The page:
Harriet Martineau wrote of a southern politician that "he was born old." This is how I often feel on looking back on my childhood. The first chapter in this collection, "Wild Women Out of Control," discusses that part of my life. When my parents decreed that I had to attend the University of Kansas if I was going to go to university at all, I made a private vow that I would spend my summers away from home. The first year, I earned a scholarship to Vienna to study German; the second summer, in 1966, I went to Chicago to do community service work on the city's South Side. The summer I spent in Chicago changed my life in almost every important way. I wasn't then imagining that I would be a writer, but the people I worked with and the work I did shaped the way in which I looked at the world around me. Those were turbulent times, but also times of great hopefulness among those who longed for social justice. Dr. Martin Luther King, Jr. was organizing in Chicago during the summer of 1966 and I was on the periphery of his great work. The way in which my experiences of that epoch became a major influence on my novels is the subject of the second chapter, "The King and 1.
My father was a mercurial man; charming, nervous, but subject to rages that were all the more bewildering because we never knew what might trigger them. For the first twenty years of my life, he dominated almost every aspect of my existence. When I finally started university, he even decided what courses I would take. It took many years of many different kinds of support from the man I later married, from psychotherapy, but above all, from the women's movement of the seventie before I gained an independent voice. The third chapter explains the importance of Second Wave Ferninism in my life. It was feminism that triggered my wish to write a private eye novel, and it shaped the character of my detective, V I Warshawski. The private eye is America's unique contribution to the crime novel. It comes out of our fascination with the loner heroes of the old West. The fourth chapter, "The iPod and Sam Spade," discusses the way in which American mythology glorifies the individual often at the expense of society. I also explore the ways in which my own understanding of the individual and society invert this mythology. The town where I grew up in the fifties was obsessed by the threat of Communism. Freedom committees, the John Birch society, and other right-wing groups monitored everything from school curricula to books in the library; they ran a sideline in monitoring whether African-Americans were using public facilities. They forced the resignation of a high school teacher because he was getting a PhD in Russian history-proof in their eyes that he was a Communist.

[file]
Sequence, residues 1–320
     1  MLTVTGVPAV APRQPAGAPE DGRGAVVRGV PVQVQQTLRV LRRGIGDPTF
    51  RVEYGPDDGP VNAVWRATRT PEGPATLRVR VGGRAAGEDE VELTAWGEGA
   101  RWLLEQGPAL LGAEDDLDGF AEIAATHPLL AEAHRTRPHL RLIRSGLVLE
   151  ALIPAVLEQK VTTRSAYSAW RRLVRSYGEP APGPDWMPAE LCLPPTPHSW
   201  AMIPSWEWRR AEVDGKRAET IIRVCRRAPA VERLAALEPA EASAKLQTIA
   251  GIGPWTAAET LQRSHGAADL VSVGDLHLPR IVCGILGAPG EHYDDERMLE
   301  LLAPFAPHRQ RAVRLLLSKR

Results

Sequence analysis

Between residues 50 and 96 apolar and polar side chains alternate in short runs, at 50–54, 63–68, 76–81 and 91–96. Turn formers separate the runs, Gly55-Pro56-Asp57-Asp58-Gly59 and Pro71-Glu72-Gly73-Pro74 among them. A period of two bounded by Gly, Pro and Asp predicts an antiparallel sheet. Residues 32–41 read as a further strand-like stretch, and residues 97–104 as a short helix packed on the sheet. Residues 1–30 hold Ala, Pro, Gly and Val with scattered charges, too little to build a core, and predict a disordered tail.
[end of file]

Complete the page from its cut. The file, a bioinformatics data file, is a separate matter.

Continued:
The McCarthy hearings, which took place when I was in primary school, left the adults in my life very cautious in what they said politically, and who they said it too. My parents had friends who were blacklisted; it's possible that because my father had leftist relatives my mother's military brothers were kept from being promoted. Like all Americans, I am the descendant of immigrants. Some of my ancestors came here for adventure or to make a better living, but most of them, on both sides of my family, came here to escape religious persecution. For my paternal grandparents, America meant the difference between life and death. I grew up with a very idealized vision of what the country should be and could be. I grew up believing in the America of the Statue of Liberty. The Lady with the Lamp aid to the world, "Give me your tired, your hungry, your poor/the wretched refuse of your teeming shores/send these, the weary, tempest-tossed to me/I lift my lamp beside the golden door.